I will start out by saying that I love picture books and that I will buy them for academic collections even if we don’t have a separate juvenile collection. In the field of East Asian studies, research on children’s literature has been very slow to gain any traction and I find it a great pity. It is a particularly rich field to harvest, whether you focus on portrayals of war, social justice, wordplay, or Buddhist traditions, and it is possible for undergraduates to read Japanese picture books and write about them intelligibly in English.
There is now excellent research being done on Japanese picture books by scholars such as Heather Blair at the Indiana University Bloomington who write about Buddhism and Hell in children’s books. Another scholar to keep an eye out for is Mika Endo, currently an independent scholar, who is doing work on 3.11 and how nuclear disasters are portrayed in children’s books. Kathryn Tanaka has also done work on picture books about Hansen’s disease. I look forward to reading or listening to talks about many more topics and hope that there will be regular panels at Japanese studies conferences on children’s literature.
But this blog is about reading and collecting materials specifically for L2 Japanese readers. And that is where it starts to get tricky. In general, Japanese picture books present a number of challenges to L2 readers.
1. Lack of kanji
2. Lots of unknown vocabulary
3. Use of slang/dialects
4. assumes background knowledge/cultural background that we don’t have and often don’t get through university textbooks
All of this is true, and all of it is important. To have a better understanding of current Japanese culture, I think it is really advantageous to have read similar books and to understand the ethos that underpins those works. And so, like someone learning to walk again after a stroke or a major accident, it is possible to go through the motions of learning to walk again and be able to do it much faster than when we were babies.
When people ask me about picture books and tadoku, I suggest that picture books require more support than traditional graded readers. Picture books are best read aloud – by an instructor or a more seasoned reader. It helps to stop and point out images that reflect the words or scene being depicted (like a parent or teacher would with children), so that the readers have a clear image in their minds of the story. Alternatively, the instructor/advanced reader could read the entire book aloud without stopping (this is traditional read aloud technique yomikikase 読み聞かせ). I don’t think this is as effective for L2 readers because they could be missing the key terms in the text and not be able to follow along at all. Then it could be read again, using shadowing techniques where both readers read together at the same time. And finally, the reader could read it alone fluently. This is a pretty standard pedagogical technique for improving reading fluency. It could also be tedious, so it really depends on the reader.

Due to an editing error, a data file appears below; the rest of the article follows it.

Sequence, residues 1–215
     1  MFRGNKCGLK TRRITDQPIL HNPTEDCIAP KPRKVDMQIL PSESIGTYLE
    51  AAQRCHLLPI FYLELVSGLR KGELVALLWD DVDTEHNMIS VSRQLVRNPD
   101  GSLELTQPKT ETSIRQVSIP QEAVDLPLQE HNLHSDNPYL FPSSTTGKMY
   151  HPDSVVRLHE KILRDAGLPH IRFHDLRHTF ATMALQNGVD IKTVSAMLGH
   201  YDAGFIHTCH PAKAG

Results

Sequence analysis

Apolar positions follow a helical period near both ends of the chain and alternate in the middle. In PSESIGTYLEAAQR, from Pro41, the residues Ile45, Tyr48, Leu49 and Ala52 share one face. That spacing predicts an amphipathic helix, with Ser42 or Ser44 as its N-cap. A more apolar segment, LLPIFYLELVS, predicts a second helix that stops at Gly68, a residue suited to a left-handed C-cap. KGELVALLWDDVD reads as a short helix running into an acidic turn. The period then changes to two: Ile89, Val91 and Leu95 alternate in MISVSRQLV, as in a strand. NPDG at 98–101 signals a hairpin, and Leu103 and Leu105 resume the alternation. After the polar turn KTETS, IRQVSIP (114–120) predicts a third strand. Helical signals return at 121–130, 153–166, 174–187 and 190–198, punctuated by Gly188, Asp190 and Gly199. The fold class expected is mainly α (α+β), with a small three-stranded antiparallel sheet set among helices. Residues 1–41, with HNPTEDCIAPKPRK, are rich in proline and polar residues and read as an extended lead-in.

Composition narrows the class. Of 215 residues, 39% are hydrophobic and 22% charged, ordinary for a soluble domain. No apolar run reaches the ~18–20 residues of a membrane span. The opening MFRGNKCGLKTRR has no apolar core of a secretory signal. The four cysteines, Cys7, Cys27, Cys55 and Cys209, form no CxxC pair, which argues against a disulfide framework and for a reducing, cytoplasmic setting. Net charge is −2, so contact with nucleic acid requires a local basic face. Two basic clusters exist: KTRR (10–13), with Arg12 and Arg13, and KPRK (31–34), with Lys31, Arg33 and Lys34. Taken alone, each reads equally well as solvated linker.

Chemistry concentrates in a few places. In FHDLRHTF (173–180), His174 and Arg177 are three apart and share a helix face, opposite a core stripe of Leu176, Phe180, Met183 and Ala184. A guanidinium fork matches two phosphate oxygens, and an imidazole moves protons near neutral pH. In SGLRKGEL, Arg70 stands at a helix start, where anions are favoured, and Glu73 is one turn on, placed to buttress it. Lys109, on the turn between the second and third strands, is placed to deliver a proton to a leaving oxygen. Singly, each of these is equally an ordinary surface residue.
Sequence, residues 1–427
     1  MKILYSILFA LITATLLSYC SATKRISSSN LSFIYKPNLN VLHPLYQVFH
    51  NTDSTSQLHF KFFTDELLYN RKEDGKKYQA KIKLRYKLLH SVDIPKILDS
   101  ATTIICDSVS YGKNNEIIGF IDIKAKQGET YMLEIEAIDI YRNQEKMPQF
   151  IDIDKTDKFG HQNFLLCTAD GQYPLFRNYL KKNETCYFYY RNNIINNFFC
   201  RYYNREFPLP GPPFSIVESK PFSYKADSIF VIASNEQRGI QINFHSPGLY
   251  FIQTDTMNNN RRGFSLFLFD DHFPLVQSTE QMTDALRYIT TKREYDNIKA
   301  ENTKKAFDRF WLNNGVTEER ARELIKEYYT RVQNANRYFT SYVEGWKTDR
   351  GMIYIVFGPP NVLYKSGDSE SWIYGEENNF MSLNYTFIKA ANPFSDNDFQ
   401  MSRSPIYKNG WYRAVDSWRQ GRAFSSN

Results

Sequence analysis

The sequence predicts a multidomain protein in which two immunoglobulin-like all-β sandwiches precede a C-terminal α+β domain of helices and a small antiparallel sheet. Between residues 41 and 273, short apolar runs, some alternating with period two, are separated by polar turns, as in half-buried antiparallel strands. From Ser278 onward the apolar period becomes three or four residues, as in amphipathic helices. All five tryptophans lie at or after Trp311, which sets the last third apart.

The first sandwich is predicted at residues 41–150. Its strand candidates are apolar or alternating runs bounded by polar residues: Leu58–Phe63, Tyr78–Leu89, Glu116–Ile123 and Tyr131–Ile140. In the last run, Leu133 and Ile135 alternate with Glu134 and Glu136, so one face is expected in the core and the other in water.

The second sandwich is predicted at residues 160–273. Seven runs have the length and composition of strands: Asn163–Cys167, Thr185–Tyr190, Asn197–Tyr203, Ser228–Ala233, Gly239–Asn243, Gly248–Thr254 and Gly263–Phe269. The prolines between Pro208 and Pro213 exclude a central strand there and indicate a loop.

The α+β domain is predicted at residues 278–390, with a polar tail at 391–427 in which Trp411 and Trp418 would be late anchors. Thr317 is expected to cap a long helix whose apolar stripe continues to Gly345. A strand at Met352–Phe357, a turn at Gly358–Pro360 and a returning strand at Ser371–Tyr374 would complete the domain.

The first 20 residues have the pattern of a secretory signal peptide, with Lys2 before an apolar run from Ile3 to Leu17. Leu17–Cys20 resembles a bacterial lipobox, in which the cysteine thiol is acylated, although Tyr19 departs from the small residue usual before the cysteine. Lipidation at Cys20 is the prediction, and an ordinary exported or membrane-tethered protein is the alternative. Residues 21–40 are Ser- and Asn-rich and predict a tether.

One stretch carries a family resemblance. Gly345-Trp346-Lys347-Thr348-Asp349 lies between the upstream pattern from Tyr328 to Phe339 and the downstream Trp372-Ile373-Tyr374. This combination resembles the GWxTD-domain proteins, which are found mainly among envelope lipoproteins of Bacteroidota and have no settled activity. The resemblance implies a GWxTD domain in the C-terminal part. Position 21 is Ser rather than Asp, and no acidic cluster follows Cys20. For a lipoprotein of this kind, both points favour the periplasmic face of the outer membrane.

Without a clear understanding of the story, a complete text of hiragana can be frustrating to an L2 reader. Picture books try to compensate for that by using wakachigaki 分かち書き (word division) so that words appear as units rather than a long string that needs to be deconstructed. Students who read picture books tell me that once they know the vocabulary, they are comfortable with hiragana and can read fluently because having the hiragana makes it easier to read aloud.
Recently I found out that if I watched picture books being read aloud on Youtube, I could turn on the closed caption feature and see the text produced in kanji. There are mistakes though, because the closed captioning is done automatically and slight mispronunciations could generate the wrong kanji or artificial intelligence chooses a different kanji with the same pronunciation. In spite of the few errors, having access to picture books being read aloud in Japanese (and being able to see the text at the same time) is a very powerful tool. I also believe it is a copyright violation and at some time the videos will be taken down, but until they are I will continue to use them privately.
In a perfect world, I would love to see instructors use picture books in classes – maybe at a third year level – so that the students could read and have the opportunity to talk about or write about what they have read. It would be possible to tackle slang/dialects as well as cultural assumptions/portrayals with more nuance this way. Depending on the emphasis of the class, students could read in Japanese and write/discuss in English or any combination. Activities could include reading a book in dialect and rewriting into standard Japanese, or changing a dialogue into a description. So many options!
Picture books tend to be 32, 46 or 64 pages long. The amount of text per page varies widely, but in most cases the books are meant to be read in one sitting. That is very satisfying – particularly to an L2 reader. Picture books are also a really good option for students who are more used to reading manga or using video as part of their studies.
What is interesting about Japanese picture books is that they are not all intended for the very young. There are fabulous picture books written for all ages in Japan. Some stay faithful to the concept of hiragana only – such as the kaidan ehon 怪談えほん series by Iwasaki Shoten. Many of us involved in tadoku have a knee jerk reaction to place these picture books in very low levels (like level 1 or 2) but in fact they often have rich vocabulary and use of onomatopoeia that language learners find quite challenging. In my library I have moved these books up to a higher level based on student feedback.